Yeah, I did a double take, too.
But according to this post on The Other Side of the Tracks blog, it is true: Revolutionary Communist Party members — and By Any Means Necessary (BAMN) activists — descended on Anna Street in the wake August shooting, trying to “radicalize local youths” and organize residents. Fortunately, they didn’t seem to have much luck, judging from the resident responses reported in the post.
This isn’t from some right-wing fringe blog, but a blog operated by a self-described Occupy journalist named Amber Stephens.
Putting aside amazement that there are still Americans who not only believe in communism but try to convince others it is a good idea, read this excerpt from Ms. Stephens’ post:
Meanwhile, two groups have made their presence known in the Anna Drive neighborhood, seeking to radicalize local youths in the aftermath of the tragedy: the Revolutionary Communist Party (RCP) and the aforementioned BAMN. The Coalition to Defend Affirmative Action, Integration and Immigrant Rights and Fight for Equality By Any Means Necessary (a.k.a. BAMN) formed in 1995 in response to the UC Regents’ decision to ban affirmative action. In recent years, the group has taken on police brutality in communities with people of color, most notably the police-shooting death of Oscar Grant in Oakland.
BAMN organizer Adam Lerman spent the weeks following Diaz’s death talking to residents. From his conversations, Lerman says, the neighborhood seems conflicted as to how to move forward. “They are of two minds: Do we go public and try to be bold? Or do we keep quiet and hope justice is served?”
As the group rallies for oft-ignored communities, the recent riots and subsequent media attention have made the task different from others. BAMN’s planned march followed the same route Mayor Tom Tait took the previous night, his first visit to Anna Drive since the shooting.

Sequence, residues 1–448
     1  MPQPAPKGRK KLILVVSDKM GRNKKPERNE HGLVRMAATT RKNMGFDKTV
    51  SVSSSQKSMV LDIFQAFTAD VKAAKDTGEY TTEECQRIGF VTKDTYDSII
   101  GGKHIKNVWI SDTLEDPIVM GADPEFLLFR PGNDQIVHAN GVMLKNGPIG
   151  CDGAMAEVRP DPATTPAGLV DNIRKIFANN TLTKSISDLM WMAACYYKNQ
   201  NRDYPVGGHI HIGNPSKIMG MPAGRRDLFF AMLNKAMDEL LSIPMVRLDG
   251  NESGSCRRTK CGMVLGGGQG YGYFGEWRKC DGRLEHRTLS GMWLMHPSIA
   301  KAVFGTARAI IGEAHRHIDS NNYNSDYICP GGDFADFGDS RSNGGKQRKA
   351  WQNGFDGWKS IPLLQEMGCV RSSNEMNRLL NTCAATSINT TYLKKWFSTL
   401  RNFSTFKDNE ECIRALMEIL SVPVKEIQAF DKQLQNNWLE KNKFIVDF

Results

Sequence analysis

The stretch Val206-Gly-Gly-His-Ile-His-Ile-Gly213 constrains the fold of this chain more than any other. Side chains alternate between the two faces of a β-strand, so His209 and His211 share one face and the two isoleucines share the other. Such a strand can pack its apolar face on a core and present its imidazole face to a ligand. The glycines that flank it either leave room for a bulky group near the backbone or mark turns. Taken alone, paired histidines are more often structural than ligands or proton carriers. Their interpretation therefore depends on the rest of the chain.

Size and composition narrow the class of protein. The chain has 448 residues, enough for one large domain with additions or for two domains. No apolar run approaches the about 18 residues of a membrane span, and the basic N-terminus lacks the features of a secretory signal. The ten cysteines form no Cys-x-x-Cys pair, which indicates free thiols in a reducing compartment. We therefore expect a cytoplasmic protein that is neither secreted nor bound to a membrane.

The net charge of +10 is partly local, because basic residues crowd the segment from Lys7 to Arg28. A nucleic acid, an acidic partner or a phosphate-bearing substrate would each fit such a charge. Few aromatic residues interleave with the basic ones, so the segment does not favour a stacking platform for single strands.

Lerman defended the groups’ action, saying he doesn’t see a separation between the grieving process and justice. “Families and communities aren’t able to move on until justice is done,” he says. “If we can get the neighborhood to step up to be leaders, we can turn things around. The city government knows and fears the power this neighborhood has to do so. If we don’t keep marching, if we don’t keep fighting, nothing is going to come out of these investigations they are promising.”
Keith James, along with three other members of the RCP, came to the community from Los Angeles to speak and listen to residents several times in the couple of weeks following the shooting. “When everyone talks about ‘outside agitators,’ they are worried about the [protester] violence,” he says. “After listening to the heartfelt outpouring of residents grappling with the magnitude of the situation, it seems absurd to equate that with the police violence that has occurred in this community.”
Real live Commies in Anaheim (maybe the can adopt Mickey Mao as their mascot).
Strange days, indeed.